5 Tips on Giving Feedback by Coach K

5 Tips on Giving Feedback by Coach K

Coach K, Mike Krzyzewski, led Duke University's basketball team to five national championships. Learn how constructive criticism and effective feedback can effect positive change and bring team members to higher levels of employee performance both on and off the court.


A Brief Introduction to Coach K

Coach K, a member of the College Basketball Hall of Fame and the United States Olympic Hall of Fame, led the Duke Blue Devils to five national championships. Coach K was the head coach of the men's basketball team at Duke from 1980 to 2022. He was a point guard at the United States Military Academy from 1966 to 1969. Coach K has also led Olympic basketball teams to gold medal victories in 2008, 2012, and 2016. In 2011, after a victory over Michigan State at Madison Square Garden, Coach K became the coach with the most wins in NCAA Division I men's basketball history.


Why Is Giving Feedback Important?

Correctly delivered constructive feedback can result in a positive change in a person's performance or specific behavior. A productive feedback session is an excellent way to analyze and correct past mistakes while also improving future employee performance. Leaders who effectively deliver positive feedback and constructive criticism can boost the morale and operational success of your entire company or unit. However, if the feedback giver fails to communicate the message effectively, it can have the opposite effect, causing your employees to become dissatisfied or alienated.


5 Tips From Coach K on Giving Feedback

Feedback is an essential part of professional development for both veterans and new managers. Performance reviews can set direct reports up for success. Coach K shares the following examples of how regular feedback sessions improve the worker, supervisor, and user experience:

1. Begin with a complimentary statement. It is not necessary to organize a formal check-in to freely provide positive feedback. "It can be impromptu, like you're walking by and say, 'I noticed on the last report your input was unbelievable. 'It was really good,' says Coach K. "It's huge to include something personal when giving something to a business. A person still wants to be thought of as a person," rather than just a team member carrying out tasks.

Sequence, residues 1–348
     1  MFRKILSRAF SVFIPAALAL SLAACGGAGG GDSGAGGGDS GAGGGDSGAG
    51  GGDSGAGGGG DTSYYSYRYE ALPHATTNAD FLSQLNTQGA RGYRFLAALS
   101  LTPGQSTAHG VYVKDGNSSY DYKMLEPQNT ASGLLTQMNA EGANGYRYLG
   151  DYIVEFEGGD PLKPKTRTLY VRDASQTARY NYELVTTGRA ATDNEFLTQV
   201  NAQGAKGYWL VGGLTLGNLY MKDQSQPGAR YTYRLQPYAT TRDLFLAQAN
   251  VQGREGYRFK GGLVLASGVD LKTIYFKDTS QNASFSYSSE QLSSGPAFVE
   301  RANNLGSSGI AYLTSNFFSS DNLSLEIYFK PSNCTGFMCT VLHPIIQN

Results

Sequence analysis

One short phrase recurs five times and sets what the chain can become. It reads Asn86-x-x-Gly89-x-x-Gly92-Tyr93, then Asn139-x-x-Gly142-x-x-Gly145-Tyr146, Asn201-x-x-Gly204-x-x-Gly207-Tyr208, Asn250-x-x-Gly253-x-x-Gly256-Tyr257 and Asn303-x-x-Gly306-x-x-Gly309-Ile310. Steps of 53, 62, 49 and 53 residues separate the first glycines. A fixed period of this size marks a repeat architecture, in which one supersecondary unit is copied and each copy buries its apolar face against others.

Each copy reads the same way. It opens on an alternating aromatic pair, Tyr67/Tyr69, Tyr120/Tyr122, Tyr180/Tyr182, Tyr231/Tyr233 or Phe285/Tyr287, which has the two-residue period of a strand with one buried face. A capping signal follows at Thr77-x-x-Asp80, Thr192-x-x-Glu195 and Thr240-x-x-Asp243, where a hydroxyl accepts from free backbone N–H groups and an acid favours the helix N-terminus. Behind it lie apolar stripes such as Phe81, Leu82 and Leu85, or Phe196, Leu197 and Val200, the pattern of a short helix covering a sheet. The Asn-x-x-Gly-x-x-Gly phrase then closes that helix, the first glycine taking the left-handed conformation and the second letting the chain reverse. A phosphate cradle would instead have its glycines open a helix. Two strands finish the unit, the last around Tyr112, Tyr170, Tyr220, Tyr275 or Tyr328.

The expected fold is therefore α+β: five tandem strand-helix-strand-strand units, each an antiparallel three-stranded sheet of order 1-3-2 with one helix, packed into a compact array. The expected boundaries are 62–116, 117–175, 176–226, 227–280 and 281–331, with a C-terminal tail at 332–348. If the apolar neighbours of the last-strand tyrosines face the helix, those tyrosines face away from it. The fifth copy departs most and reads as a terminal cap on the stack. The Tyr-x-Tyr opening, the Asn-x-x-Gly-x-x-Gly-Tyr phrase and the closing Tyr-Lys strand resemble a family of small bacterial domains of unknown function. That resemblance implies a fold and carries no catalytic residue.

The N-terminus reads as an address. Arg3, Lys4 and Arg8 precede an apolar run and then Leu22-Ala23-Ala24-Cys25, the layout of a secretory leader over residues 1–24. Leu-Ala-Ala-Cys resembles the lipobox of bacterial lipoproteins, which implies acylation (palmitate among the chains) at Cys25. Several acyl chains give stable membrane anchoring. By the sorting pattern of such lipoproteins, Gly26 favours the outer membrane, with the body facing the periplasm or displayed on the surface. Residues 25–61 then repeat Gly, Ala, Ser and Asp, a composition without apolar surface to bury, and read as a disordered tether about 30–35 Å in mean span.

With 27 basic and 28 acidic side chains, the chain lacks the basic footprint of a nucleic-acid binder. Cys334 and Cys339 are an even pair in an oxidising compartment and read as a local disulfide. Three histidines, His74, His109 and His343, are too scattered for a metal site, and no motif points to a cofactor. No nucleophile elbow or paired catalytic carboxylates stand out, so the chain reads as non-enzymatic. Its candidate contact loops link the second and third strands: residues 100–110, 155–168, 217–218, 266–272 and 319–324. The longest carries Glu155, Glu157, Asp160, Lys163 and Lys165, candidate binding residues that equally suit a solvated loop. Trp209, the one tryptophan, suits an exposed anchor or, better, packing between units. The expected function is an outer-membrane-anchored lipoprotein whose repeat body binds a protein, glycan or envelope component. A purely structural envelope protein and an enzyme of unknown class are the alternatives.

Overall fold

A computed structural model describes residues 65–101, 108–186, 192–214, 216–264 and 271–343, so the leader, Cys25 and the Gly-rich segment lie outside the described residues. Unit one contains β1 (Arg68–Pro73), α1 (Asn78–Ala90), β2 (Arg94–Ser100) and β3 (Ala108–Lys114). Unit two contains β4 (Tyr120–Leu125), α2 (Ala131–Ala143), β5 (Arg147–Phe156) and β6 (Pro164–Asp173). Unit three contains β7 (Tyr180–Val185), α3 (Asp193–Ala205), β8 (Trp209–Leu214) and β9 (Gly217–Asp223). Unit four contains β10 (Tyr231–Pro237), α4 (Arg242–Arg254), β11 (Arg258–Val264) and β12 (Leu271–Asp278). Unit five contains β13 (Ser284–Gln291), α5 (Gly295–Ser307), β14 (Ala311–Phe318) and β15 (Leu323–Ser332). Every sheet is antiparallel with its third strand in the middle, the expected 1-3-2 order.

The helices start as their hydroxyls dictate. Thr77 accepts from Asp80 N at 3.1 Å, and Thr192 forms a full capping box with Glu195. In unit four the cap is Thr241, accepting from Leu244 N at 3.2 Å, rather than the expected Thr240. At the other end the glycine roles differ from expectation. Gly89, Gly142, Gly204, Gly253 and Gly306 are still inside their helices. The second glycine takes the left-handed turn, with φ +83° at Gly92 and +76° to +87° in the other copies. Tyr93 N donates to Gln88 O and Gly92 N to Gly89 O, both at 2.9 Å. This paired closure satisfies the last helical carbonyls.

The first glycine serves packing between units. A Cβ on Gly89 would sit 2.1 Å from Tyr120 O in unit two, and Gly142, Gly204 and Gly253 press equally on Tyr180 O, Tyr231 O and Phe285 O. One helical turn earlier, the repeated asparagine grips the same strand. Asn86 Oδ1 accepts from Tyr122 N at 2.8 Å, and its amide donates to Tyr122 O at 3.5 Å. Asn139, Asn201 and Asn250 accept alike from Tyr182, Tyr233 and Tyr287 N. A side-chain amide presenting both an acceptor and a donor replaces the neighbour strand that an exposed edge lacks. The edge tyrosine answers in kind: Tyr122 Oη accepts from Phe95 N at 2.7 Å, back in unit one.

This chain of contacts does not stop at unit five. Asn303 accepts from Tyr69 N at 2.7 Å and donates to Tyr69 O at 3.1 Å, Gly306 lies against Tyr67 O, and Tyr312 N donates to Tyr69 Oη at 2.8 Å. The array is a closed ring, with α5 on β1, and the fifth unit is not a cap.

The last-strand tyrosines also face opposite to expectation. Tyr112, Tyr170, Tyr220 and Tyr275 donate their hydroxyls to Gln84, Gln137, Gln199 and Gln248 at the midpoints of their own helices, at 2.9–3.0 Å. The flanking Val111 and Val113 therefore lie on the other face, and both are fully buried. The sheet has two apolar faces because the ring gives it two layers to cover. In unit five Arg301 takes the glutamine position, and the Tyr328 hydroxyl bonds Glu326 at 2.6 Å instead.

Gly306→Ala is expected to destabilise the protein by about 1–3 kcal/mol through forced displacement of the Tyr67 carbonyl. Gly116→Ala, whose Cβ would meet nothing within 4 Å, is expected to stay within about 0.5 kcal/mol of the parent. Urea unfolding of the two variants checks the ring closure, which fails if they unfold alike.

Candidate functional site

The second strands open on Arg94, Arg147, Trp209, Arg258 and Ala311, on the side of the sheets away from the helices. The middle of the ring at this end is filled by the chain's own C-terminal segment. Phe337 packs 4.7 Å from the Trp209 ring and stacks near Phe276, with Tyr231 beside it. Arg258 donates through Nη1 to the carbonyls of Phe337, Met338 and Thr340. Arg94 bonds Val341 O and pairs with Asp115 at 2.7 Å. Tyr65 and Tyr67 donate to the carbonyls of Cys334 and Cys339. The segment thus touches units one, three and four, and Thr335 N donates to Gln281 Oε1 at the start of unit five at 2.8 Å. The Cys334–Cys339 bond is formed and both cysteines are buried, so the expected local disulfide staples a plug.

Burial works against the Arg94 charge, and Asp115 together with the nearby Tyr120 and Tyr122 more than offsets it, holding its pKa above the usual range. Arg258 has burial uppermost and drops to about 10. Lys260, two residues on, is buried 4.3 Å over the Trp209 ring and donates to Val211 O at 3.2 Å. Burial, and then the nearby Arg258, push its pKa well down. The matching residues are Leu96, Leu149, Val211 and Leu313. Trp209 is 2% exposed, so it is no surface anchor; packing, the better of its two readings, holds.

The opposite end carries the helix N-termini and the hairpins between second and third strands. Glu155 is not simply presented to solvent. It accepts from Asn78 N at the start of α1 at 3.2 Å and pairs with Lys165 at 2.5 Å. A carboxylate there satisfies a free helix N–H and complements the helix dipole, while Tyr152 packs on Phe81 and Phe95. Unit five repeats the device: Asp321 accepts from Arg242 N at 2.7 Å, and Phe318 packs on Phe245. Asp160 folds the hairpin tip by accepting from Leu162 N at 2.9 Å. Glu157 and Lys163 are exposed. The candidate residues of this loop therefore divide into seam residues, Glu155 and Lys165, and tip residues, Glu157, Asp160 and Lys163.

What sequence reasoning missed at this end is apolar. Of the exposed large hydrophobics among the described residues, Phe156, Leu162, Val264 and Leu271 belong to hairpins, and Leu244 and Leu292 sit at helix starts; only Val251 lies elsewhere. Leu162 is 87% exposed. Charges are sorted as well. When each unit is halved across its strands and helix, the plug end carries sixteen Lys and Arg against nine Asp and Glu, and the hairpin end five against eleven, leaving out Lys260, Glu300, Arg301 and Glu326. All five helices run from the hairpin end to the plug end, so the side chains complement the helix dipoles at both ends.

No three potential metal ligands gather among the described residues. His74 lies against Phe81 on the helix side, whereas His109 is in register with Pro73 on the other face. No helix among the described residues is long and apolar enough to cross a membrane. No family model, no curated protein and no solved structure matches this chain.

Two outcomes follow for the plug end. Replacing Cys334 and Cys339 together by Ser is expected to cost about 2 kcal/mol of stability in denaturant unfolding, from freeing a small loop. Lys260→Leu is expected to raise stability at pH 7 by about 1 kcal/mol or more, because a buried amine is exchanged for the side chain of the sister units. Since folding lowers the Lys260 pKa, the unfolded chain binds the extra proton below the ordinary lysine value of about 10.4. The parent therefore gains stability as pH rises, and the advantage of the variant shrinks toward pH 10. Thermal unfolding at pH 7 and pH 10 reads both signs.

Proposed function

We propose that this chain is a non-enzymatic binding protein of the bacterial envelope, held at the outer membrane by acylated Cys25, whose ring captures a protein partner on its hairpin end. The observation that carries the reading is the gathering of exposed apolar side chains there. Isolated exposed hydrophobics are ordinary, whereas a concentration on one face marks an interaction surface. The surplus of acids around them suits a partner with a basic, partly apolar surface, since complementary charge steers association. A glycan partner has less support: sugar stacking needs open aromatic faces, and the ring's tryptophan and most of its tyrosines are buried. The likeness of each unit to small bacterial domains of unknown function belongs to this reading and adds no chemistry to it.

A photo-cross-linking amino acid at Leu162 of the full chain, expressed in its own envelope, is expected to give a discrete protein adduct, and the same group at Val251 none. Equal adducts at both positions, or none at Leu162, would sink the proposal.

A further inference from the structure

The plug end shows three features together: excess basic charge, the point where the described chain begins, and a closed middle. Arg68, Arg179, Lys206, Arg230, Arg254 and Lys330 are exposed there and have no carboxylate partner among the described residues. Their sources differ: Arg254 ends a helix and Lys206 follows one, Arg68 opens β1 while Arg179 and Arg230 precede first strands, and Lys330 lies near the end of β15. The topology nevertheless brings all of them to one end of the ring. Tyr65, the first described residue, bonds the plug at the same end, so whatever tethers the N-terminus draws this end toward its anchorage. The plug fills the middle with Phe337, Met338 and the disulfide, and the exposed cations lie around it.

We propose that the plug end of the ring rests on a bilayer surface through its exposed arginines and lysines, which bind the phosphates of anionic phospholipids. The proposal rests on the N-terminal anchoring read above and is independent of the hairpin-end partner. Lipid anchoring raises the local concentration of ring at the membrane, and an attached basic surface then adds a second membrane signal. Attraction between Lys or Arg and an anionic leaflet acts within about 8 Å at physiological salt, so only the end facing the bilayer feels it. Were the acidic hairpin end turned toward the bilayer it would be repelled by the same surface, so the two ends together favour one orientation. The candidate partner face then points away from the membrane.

2. Begin the conversation slowly. Make the recipient feel at ease when providing constructive feedback. Inviting someone to your office and then closing the door can make them feel uneasy. When giving important feedback, read body language, change your tone of voice, and demonstrate that you care. "I try to find a place where that player will not feel pressure," Coach K says.

3. Provide immediate feedback. "Feedback does not have to wait until the next review cycle," says Coach K. "If you see something wrong, fix it." Give specific examples and speak face-to-face to ensure an open conversation.

4. Have another person deliver the feedback. "Sometimes a different voice receives feedback better. "That could be an assistant coach for me, but it could be your team's top performer," Coach K explains. You must have faith in the other person's ability to provide both positive and negative feedback.

5. Lead with respect. The best type of feedback you can give is to show respect for your teammates or co-workers. "I don't make it a point to recognize the star after a game, but I do recognize the people who help the star become the star," Coach K says. "One of the best ways to show someone respect is to acknowledge them as people and let them know you care about their well-being outside of work."